§ House in Committee.
§ On schedule A being put,
§ Mr. Dunbar moved, that the town of Belfast be struck out of schedule A and placed in schedule B.
§ Viscount Morpeth
would at once declare, that he must adhere to the schedule as at present constituted.
§ Mr. Litton
reminded the Committee, that Belfast had petitioned against being included in schedule A.
§ Mr. Sergeant Jackson
thought, that a different rule ought to be adopted towards those four towns that had petitioned against being included in schedule A, and those who were willing to be included in it.
§ The Committee divided on the original motion;—Ayes 67; Noes 26: Majority 41.
|List of the AYES.|
|Adam, Admiral||Morpeth, Viscount|
|Aglionby, H. A.||Morris, D.|
|Aglionby, Major||Murray, A.|
|Archbold, R.||O'Brien, W. S.|
|Baines, E.||O'Connell, D.|
|Baring, rt. hon. F. T.||O'Connell, M. J.|
|Barnard, E. G.||O'Conor, Don|
|Bellew, R. M.||Parnell, rt. hn. Sir H.|
|Bewes, T.||Pechell, Captain|
|Blake, M. J.||Pigot, D. R.|
|Bridgeman, H.||Price, Sir R.|
|Briscoe, J. I.||Rice, E. R.|
|Brodie, W. B.||Roche, W.|
|Brotherton, J.||Russell, Lord J.|
|Busfield, W.||Smith, B.|
|Callaghan, D.||Stock, Dr.|
|Collier, J.||Strutt, E.|
|Collins, W.||Style, Sir C.|
|Corbally, M. E.||Thornley, T.|
|Curry, Mr. Sergeant||Troubridge, Sir E. T.|
|Dalmeny, Lord||Tufnell, H.|
|Duke, Sir J.||Turner, E.|
|Finch, F.||Verney, Sir H.|
|Fitzpatrick, J. W.||Vernon, G. H.|
|Greg, R. H.||Vigors, N. A.|
|Harcourt, G. G.||Warburton, H.|
|Hawkins, J. H.||Wilde, Mr. Sergeant|
|Hector, C. J.||Wood, C.|
|Hobhouse, T. B.||Wood, G. W.|
|Hodges, T. L.||Wood, B.|
|Howard, P. H.||Wyse, T.|
|Hume, J.||Yates, J. A.|
|Hutton, R.||O'Ferrall, M.|
|Lynch, A. H.||Parker, J.|
|List of the NOES.|
|A'Court, Captain||Marsland, T.|
|Arbuthnott, hon. H.||Maunsell, T. P.|
|Blair, J.||Maxwell, hon. S. R.|
|Cochrane, Sir T. J.||Perceval, Colonel|
|Cooper, E. J.||Plumptre, J. P.|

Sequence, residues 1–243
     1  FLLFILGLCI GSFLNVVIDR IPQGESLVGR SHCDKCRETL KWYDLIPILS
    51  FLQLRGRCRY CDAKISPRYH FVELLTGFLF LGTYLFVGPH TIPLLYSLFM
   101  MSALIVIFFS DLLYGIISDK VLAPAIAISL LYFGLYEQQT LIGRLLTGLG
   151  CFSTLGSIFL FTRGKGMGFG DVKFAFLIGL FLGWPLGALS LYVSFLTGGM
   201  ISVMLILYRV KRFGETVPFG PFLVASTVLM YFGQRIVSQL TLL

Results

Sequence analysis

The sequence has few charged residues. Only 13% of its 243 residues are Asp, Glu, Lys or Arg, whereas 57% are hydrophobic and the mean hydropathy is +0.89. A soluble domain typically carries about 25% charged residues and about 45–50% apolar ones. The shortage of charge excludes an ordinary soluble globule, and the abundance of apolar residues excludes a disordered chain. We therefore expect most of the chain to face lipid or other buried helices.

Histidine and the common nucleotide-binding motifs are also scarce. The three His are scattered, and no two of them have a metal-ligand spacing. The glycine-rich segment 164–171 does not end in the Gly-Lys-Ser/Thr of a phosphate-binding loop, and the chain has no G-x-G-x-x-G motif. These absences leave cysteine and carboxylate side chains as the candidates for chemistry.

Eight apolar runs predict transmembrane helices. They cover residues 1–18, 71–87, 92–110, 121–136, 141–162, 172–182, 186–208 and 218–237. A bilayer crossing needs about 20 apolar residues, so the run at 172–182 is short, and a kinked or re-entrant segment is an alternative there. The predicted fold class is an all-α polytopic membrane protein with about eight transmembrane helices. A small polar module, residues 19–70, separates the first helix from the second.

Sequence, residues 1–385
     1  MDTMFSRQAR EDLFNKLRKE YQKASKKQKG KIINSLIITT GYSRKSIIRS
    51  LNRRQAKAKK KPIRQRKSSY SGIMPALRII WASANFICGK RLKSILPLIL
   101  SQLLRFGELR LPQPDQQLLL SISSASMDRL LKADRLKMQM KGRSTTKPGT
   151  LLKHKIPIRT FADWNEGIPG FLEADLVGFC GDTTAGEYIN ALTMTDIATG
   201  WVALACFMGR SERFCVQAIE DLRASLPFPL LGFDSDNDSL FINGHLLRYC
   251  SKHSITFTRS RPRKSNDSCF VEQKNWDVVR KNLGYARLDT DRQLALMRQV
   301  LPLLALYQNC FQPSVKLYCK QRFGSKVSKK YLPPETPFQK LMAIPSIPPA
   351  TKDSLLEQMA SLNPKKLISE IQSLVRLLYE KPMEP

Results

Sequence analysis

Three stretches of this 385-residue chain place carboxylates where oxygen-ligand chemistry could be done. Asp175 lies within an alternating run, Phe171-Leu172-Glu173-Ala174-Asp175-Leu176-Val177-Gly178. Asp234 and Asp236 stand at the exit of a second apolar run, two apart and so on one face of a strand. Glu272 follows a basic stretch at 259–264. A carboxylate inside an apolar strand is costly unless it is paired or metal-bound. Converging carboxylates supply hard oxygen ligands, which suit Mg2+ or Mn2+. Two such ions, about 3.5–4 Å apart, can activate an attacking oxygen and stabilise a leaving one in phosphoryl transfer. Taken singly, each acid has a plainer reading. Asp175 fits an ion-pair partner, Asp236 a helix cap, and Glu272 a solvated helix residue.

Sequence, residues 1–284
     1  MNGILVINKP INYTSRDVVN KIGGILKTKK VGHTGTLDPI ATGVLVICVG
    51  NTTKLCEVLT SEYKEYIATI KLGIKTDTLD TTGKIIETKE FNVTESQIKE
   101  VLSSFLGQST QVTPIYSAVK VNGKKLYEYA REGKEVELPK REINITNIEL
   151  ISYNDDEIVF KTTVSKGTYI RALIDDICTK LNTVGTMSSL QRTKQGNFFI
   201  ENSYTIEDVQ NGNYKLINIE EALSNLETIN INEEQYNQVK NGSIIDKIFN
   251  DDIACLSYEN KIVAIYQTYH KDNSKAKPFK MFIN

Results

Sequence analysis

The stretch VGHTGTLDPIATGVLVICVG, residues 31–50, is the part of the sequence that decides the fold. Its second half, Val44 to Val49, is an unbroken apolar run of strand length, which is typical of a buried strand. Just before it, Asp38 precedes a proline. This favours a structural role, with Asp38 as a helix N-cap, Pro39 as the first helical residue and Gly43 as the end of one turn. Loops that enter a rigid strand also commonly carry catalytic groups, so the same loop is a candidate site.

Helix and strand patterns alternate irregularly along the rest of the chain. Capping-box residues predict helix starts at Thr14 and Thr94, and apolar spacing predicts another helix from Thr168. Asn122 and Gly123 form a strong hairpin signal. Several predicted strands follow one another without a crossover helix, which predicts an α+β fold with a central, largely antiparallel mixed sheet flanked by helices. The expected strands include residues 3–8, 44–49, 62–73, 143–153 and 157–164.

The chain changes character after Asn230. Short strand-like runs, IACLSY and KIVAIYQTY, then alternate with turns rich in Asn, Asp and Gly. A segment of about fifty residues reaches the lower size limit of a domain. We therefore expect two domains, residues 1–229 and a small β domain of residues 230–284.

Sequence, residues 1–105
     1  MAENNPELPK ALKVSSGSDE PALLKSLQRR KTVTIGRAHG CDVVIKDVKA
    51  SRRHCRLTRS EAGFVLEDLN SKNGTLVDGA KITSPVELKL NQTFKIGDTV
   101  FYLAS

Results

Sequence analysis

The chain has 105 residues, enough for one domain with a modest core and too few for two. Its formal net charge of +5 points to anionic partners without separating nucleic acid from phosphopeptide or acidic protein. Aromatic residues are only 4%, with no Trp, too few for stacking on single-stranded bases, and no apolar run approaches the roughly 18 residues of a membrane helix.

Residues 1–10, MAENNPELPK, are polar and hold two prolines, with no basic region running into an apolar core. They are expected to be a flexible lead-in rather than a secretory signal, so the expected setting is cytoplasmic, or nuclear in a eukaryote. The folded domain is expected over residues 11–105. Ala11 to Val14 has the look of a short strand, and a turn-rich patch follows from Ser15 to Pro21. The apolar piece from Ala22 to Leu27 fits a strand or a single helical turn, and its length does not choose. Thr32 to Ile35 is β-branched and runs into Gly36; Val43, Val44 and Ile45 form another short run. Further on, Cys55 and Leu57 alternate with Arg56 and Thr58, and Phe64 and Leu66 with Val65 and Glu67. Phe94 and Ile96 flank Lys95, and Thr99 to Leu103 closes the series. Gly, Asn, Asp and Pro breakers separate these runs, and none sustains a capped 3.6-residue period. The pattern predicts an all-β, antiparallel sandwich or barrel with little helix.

|Corry, hon. H.||Polhill, F.|
|Darby, G.||Smyth, Sir G. H.|
|Du Pre, G.||Thornhill, G.|
|Farnham, E. B.||Trench, Sir F.|
|Halford, H.||Verner, Colonel|
|Hodgson, R.||Young, J.|
|Jackson, Mr. Sergeant|
|Mackenzie, T.||Litton, E.|
objected to the insertion of the town of Galway in this schedule, and stated, that the House of Lords had excluded it from a similar bill last year, upon sufficient grounds being shown before the Committee. He therefore moved, that Galway be expunged from this schedule.
§ Viscount Morpeth
regretted, that he could not comply with the request of his hon. Friend; but as in the case of Belfast he had evinced an insensibility to the allurements of the hon. Gentlemen opposite, so in the present instance he must prove equally coy when courted by his hon. Friend. He could not consent to remove Galway from schedule A.
§ Mr. Dunbar
supported the amendment. He believed the inhabitants of Galway to be unanimous in their wish to have that town placed in schedule B.
§ The Committee again divided on the original motion:—Ayes 79; Noes 47: Majority 32.
§ Schedule agreed to.
§ Mr. Sergeant Jackson moved the insertion of a clause after clause 4, to enable all persons entitled to vote as freemen or burgesses in the election of Members to serve in Parliament for any borough, to vote likewise in the election of the town councillors and aldermen of such boroughs to be elected under the provisions of this bill. The ground of his motion 780 was this: that the freemen of these corporations had vested interests in the local government of their towns; they were efficiently represented in the town council of Dublin as in other corporations, and he thought it only right and just to continue them in the same position, and to give them a voice in the election of the aldermen and common councillors under this bill. The effect of the bill as it now stood would be to transfer their corporations from the Protestant part of the community into the hands of the Roman Catholics. That certainly would be the case with all the towns in schedule A, except Belfast and Londonderry; and her Majesty's Attorney-general had said, that if that were the effect of the measure, he should be the first to oppose it. The hon. and learned Member for Dublin had scouted that idea, but he (Mr. Sergeant Jackson) had taken the liberty of showing to the House the other night, from returns on the table, that there was a large majority of 10l. householders who were Roman Catholics, except in Belfast and Londonderry. He knew, that in some respects those returns were inaccurate which were furnished by the commissioners of public instruction. He could prove it; but they were the nearest approximation to the truth which he could obtain. He proposed now, therefore, to give the freemen a voice in the election of the aldermen and town council, with a view to counterpoise the influence of Roman Catholics, which this bill must produce.